Serving Sizes are Silly

I’ve been paying close attention to the serving sizes listed on food packaging. This started because I stepped on the scale and found that I had reached my peak weight. I was skinny until I turned 40. Since then, my weight has been steadily creeping upward. When the scale read 184 pounds, I decided enough was enough. I started working out again. Kelly pointed out that better nutrition would help more, and she is almost always right about these things. So I’ve been paying attention to serving sizes.

I’ve decided that serving sizes are patently ridiculous. Does anyone actually follow these recommendation? If so, how? Half the time the serving sizes are listed in fractions of a cup, or in tablespoons. Sometimes a serving size is listed in ounces. Do you measure these out each time you prepare your food?

I like a good peanut butter and jelly sandwich for lunch. So I looked at the serving size for bread. It turns out, for the bread we buy, the serving size is one slice. Forget that a sandwich usually consists of two slices of bread.

Serving size of bread

The serving size for peanut butter is two tablespoons, which works well with one slice of bread, since two tablespoons wouldn’t cover two slices. The serving size for jelly is half an ounce. Why is the serving size for peanut butter measure in tablespoons, and the serving size for jelly measured in ounces? If I made a peanut butter and jelly sandwich based on these serving sizes, I’d have a slice of bread with a thin skim of peanut butter covered by half an ounce of jelly—whatever that is. I wouldn’t be able to put it in a sandwich bag without making a mess.

Who determines the serving size? Does each manufacturer have a nutritionist who carefully evaluates the ingredients in the product and comes up with the serving size? You would think that bigger serving sizes would be in the interest of the manufacturer; they would sell more products that way. But that doesn’t seem to be the case. I checked the pantry for serving sizes of thing that were in there. Here is some of what I found:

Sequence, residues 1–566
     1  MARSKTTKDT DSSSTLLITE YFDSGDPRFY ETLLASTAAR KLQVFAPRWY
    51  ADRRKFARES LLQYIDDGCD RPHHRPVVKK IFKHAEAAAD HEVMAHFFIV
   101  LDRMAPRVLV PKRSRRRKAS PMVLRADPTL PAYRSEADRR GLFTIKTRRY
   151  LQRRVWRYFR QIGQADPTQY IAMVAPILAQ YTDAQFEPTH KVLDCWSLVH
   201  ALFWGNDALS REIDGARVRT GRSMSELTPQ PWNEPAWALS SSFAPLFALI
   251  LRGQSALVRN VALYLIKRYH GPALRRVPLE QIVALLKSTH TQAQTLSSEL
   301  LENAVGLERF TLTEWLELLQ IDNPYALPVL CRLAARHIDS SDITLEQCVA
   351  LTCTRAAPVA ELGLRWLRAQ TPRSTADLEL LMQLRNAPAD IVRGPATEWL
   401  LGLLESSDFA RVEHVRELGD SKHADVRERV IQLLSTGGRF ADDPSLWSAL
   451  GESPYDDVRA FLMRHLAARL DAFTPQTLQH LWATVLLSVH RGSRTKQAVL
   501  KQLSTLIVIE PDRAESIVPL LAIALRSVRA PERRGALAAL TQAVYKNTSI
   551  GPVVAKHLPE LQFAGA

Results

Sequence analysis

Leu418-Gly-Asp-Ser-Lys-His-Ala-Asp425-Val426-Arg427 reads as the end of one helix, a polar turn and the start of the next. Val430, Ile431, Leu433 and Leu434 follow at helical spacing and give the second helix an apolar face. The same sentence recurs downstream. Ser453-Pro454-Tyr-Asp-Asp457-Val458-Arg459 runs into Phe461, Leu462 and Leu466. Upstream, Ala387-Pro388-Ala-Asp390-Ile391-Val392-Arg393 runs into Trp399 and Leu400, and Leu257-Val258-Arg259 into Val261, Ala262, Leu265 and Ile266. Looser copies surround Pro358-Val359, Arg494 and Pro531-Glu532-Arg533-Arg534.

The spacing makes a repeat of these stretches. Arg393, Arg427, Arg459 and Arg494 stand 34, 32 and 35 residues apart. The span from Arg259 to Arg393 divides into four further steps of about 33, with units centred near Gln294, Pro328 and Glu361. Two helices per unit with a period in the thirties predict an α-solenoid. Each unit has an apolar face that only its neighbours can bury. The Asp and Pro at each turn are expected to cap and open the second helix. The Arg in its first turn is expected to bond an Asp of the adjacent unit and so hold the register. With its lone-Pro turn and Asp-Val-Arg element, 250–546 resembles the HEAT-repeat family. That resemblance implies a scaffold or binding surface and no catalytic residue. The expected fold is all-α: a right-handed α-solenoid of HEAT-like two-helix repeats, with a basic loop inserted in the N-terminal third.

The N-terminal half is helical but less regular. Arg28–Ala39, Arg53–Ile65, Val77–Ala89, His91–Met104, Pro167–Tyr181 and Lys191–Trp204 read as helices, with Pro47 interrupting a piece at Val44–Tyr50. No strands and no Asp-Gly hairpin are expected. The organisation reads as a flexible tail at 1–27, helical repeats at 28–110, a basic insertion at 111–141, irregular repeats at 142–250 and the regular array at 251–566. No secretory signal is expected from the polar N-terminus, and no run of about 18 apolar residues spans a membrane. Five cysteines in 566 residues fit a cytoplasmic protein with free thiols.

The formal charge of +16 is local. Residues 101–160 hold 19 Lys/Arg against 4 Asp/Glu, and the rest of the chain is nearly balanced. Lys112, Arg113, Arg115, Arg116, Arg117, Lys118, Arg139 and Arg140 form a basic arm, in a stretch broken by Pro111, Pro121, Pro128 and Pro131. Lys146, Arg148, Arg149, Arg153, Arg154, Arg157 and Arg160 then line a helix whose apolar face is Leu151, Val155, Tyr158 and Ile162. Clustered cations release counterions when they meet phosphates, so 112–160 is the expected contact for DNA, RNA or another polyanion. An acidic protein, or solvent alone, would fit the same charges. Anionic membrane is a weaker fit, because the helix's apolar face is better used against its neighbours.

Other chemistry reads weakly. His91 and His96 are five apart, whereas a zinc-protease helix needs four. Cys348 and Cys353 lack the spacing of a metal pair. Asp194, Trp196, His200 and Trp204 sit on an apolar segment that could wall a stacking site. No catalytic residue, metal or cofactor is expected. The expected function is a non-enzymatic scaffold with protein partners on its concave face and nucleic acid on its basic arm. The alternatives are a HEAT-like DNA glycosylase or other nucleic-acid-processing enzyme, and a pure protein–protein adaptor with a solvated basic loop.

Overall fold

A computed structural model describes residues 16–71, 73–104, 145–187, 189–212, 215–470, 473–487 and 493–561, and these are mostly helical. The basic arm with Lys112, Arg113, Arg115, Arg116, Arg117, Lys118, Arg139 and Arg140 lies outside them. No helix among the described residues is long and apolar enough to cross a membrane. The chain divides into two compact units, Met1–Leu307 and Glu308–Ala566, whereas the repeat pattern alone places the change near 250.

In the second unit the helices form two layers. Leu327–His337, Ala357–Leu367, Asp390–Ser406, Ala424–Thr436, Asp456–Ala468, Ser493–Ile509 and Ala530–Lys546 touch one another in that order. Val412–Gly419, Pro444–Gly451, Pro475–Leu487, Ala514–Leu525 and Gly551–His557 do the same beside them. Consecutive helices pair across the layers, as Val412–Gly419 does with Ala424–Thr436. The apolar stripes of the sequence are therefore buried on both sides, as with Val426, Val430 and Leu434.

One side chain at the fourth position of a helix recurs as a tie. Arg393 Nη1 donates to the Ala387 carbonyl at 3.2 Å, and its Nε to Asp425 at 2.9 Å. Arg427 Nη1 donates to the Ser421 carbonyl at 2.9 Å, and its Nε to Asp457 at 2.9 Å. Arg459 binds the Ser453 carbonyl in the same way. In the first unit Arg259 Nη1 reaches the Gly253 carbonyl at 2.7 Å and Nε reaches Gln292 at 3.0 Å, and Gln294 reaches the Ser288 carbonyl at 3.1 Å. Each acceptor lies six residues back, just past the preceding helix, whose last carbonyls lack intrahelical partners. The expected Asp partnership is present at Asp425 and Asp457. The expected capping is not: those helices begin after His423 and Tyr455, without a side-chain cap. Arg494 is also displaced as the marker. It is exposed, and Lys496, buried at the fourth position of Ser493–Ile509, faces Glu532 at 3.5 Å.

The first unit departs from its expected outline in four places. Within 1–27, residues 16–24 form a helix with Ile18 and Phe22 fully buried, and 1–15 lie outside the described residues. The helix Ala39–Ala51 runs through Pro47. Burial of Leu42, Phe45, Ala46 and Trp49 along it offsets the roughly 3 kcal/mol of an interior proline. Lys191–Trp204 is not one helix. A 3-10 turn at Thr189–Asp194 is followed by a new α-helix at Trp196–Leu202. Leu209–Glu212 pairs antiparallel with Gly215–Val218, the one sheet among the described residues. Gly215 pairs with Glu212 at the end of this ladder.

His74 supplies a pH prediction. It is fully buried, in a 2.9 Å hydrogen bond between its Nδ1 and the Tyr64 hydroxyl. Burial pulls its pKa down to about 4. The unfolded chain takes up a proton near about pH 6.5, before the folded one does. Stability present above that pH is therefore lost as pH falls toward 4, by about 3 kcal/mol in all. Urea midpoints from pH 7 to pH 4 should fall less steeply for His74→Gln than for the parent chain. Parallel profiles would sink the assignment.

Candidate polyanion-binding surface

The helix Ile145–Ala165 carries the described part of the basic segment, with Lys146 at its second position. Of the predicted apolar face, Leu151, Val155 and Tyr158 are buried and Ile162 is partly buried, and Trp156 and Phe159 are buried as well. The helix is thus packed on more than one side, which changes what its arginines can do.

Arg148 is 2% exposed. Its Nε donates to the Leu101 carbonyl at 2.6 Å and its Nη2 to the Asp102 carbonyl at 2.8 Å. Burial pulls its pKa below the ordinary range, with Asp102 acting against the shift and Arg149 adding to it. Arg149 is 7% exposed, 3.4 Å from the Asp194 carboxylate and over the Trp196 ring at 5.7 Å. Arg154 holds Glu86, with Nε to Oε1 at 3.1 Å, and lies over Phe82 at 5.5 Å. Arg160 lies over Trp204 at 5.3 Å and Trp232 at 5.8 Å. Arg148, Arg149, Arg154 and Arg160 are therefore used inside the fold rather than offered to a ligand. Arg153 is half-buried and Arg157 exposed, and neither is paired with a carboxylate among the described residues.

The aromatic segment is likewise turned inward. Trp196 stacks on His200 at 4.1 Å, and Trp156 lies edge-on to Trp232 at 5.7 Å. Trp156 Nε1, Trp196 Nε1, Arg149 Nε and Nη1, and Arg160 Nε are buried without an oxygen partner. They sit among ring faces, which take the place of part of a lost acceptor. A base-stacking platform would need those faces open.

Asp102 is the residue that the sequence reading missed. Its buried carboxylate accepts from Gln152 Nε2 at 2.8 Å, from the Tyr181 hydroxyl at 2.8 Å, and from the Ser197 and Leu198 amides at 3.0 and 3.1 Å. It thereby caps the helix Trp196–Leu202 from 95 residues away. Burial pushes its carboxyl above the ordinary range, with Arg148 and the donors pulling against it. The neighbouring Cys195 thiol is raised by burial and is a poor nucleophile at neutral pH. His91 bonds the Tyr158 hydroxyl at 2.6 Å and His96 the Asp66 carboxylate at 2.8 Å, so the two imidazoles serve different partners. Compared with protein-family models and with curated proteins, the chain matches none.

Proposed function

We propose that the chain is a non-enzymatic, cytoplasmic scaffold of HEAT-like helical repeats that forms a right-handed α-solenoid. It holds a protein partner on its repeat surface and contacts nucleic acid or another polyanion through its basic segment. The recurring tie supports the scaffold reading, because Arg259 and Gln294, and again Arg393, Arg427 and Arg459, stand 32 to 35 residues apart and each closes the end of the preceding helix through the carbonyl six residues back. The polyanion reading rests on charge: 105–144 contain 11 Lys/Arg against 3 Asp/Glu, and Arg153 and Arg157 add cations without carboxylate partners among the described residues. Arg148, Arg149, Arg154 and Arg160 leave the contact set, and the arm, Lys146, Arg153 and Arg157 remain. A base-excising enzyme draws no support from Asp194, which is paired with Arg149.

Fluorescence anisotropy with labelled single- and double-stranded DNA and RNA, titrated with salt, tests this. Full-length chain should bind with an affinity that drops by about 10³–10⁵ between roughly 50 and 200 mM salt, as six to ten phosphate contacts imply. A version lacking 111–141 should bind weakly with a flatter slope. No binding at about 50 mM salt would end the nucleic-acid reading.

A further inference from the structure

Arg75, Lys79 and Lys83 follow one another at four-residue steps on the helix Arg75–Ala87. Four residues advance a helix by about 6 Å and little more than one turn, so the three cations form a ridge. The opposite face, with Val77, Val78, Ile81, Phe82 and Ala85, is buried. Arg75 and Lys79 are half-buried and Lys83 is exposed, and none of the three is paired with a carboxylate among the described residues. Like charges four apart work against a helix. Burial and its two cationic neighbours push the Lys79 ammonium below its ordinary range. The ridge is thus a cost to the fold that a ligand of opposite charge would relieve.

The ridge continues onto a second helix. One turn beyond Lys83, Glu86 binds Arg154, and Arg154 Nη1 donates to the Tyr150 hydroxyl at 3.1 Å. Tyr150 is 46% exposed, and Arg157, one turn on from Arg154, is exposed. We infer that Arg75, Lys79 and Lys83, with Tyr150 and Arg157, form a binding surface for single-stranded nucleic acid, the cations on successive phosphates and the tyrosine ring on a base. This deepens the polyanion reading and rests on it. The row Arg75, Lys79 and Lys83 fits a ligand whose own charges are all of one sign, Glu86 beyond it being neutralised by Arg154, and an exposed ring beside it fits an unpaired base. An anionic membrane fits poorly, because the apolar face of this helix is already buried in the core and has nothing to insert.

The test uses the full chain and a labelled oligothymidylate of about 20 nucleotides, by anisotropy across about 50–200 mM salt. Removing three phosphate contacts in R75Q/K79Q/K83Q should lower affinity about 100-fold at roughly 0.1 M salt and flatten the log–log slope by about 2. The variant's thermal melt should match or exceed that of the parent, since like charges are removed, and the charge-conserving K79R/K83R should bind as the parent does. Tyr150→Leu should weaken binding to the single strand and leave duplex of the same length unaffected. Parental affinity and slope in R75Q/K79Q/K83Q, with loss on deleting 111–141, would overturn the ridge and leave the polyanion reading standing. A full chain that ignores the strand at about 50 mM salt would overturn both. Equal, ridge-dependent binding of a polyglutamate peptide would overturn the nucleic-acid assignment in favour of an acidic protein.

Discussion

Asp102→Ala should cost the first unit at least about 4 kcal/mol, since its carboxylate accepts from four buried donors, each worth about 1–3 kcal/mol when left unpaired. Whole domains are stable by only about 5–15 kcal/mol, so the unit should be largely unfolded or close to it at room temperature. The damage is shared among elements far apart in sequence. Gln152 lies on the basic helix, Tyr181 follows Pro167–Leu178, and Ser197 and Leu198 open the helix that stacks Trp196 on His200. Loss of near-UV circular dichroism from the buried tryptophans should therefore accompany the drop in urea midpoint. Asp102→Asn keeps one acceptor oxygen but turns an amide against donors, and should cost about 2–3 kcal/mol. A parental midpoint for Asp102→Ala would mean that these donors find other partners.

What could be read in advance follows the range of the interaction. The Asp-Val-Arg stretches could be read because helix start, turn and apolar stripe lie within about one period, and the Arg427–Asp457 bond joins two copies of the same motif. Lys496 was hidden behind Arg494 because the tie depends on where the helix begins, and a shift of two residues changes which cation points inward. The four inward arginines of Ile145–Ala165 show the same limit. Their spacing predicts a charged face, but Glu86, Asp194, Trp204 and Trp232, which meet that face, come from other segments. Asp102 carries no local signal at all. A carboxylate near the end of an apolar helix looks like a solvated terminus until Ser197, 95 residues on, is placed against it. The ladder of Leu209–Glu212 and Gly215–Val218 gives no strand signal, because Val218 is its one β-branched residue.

• Honey Nut Cheerios: 3/4 cup. How are you supposed to measure this? Do you eyeball it in a cup? Or do you fill a half cup and quarter cup and dump them into the bowl? That’s too much effort for me.
  • Nilla Wafers: 8 wafers. Will I go to nutrition jail if I accidentally count out 9?
  • Red Roasted Pepper soup: 1 cup
  • Penne pasta: 2 oz., or about 1/6th of a box. Neither of these measurements are helpful.
  • One tomato: unknown. There is no serving size information that I could find on the tomato in my refrigerator.
One tomato
What is the serving size of a tomato?

It seems to me that the best way to make serving sizes work is to make them convenient. Package the food in serving sizes, this way, I don’t have to take the time to measure it out myself. And for goodness sake, make the serving sizes rational. No one I know eats a sandwich with just one piece of bread.